Board reviews campus carry policy

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District general counsel Ross Laughead presents a proposed policy on the licensed concealed campus carry, which goes into effect at Alamo Colleges District Aug 1, to the board of trustees on March 21 at Killen. He discussed possible limations and sites that will be barred. Photo by J. Del Valle

By Zachary-Taylor Wright

The board of trustees questioned the timeline for approving a licensed concealed campus carry policy during the chancellor’s report at the board meeting March 21 at Killen Center.

District general counsel Ross Laughead presented a first draft of potential policy recommendations to the board and suggested the board adopt a policy at the April 18 board meeting.

District 5 trustee Roberto Zarate expressed concern with the timeline, saying an April vote from the board is too rushed.

Zarate suggested the board push the vote until the May 16 board meeting to allow the discussion of potential policy at two committee meetings and two board meetings.

District 6 trustee Gene Sprague charged Laughead and the board with compiling a detailed policy recommendation so the board can make an informed decision.

Chancellor Bruce Leslie said he plans to work with general counsel and the board to establish a policy in time, but the board can postpone a decision until the May 16 board meeting if they need to.

This is the first recommendation for policy the board has seen.

Laughead reminded the board that it takes considerable time to implement new policy across the colleges and said this was the time for the board to identify any concerns they have with proposed policy before bringing recommendations back to the April 11 committee meetings.

According to the presentation, concealed campus carry will be effective Aug. 1 in the Alamo Colleges District and the board must present a policy and reasoning to state legislators by Sept. 1.

The campus carry committee, including student government, faculty, district staff, administrators and police, was formed to review and discuss concealed campus carry in the district and suggest policy additions.

Laughead said barring concealed carry in athletic facilities was feasible because students cannot control their weapon if it is not on their person or within reach.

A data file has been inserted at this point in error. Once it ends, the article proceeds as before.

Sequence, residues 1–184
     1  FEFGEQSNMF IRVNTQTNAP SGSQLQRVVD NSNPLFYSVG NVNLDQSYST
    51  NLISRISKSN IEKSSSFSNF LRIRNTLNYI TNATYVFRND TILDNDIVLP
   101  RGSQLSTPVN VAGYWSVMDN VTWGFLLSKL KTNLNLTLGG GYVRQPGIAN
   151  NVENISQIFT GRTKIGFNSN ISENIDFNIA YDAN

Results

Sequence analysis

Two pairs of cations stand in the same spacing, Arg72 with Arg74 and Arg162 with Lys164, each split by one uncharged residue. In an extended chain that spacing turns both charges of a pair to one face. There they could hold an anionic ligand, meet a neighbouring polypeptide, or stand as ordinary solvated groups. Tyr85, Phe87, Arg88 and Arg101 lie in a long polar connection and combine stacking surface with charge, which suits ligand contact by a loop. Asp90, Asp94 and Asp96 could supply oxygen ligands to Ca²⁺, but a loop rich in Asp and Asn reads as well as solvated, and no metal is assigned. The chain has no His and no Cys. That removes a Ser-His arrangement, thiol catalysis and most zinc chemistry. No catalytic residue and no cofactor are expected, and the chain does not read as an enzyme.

Texas legislation requires licensed concealed carriers to have access to and control of the weapon at all times.

Laughead said extending the restriction to spectators at sporting events is “less justified by statute” but recommended by the committee.

Laughead said the committee supported barring concealed carry at Scobee Education Center because the planetarium is heavily marketed toward minors.

The committee supported barring concealed campus carry in special testing areas because they didn’t support installing gun lockers around the colleges, Laughead said.

Students in special testing areas would be required to remove weapons from their person prior to taking the test.

Laughead said he spoke to the police department, and they said the installation of gun lockers increases the risk of accidental discharge.

Having concealed carriers constantly handle their weapon increases the chance of accidental discharge, Laughead said.

Laughead said the committee and general counsel support a broad definition of hazardous laboratories, where the committee wanted to bar concealed campus carry.

According to Laughead’s presentation, many chemicals can be considered dangerous in the presence of a weapon by presenting a “small risk of ignition from firearm discharge.”

The presentation used automobile fuel, lubricants and battery acid as examples of materials that are hazardous in the presence of a firearm.

Laughead proposed the board bar concealed campus carry where minors congregate, saying board policy can only bar concealed campus carry in specific classrooms and at specific times when minors will be present.

Laughead said the board must weigh the safety concerns against the penalty for inaccurate signage and enforcement confusion.

According to the presentation, the district may be charged a civil penalty of $10,000 a day for signage that bars licensed concealed campus carry where it is not prohibited by state legislation under Texas Statute 411.209.

Laughead said he discussed the implementation of signage with the purchasing department, which said the district could purchase signage within the current budget plan.

The presentation states that policy should accommodate “clearly accidental display.”

Zarate questioned what this statement implied and questioned the vague nature of the statement.

Laughead provided an example: If a gun is in a holster and concealed by a buttoned jacket, a concealed carrier should not have charges pressed against them if a button comes undone and exposes the holster.

District 2 trustee Denver McClendon asked if the current legislative session could impact how the board constructs the new concealed campus carry policy.

Board Chair Yvonne Katz, District 7 trustee, said she has not seen any proposed legislation that would impact or impede the construction of policy.

Laughead proposed a plan for communicating the board’s concealed campus carry policy to students, faculty and the public, saying course syllabuses and the college websites were the best places to inform students, faculty and the public about the policy.

Leslie proposed creating an implementation committee to discuss the logistics of implementing the new policy.


State allows barring at:

Board meetings

Polling locations

Child care facilities

Sporting events


District wants barring at:

Disciplinary hearings

Scobee Education Center

Athletic facilities

Special testing areas

Labs and training facilities with hazardous material


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